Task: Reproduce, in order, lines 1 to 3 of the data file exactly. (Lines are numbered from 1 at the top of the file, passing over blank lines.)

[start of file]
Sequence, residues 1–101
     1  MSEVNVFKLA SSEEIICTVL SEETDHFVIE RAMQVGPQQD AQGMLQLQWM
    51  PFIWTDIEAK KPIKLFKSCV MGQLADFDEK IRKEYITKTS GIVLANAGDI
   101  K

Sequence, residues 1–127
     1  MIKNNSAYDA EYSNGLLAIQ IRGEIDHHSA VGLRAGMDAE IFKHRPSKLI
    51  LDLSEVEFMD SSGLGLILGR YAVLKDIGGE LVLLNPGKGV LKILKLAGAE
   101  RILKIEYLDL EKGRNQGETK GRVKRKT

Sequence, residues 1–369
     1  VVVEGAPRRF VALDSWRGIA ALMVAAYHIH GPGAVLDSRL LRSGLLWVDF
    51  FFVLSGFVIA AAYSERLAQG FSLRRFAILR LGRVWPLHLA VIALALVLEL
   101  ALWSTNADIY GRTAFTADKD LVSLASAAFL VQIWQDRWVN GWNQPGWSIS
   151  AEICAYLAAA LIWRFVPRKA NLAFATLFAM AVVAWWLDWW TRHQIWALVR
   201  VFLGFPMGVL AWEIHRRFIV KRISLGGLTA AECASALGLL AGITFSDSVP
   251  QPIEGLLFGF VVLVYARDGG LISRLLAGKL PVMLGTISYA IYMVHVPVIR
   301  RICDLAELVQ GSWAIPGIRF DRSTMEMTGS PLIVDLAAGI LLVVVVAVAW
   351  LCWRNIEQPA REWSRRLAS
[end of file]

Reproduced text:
Sequence, residues 1–101
     1  MSEVNVFKLA SSEEIICTVL SEETDHFVIE RAMQVGPQQD AQGMLQLQWM
    51  PFIWTDIEAK KPIKLFKSCV MGQLADFDEK IRKEYITKTS GIVLANAGDI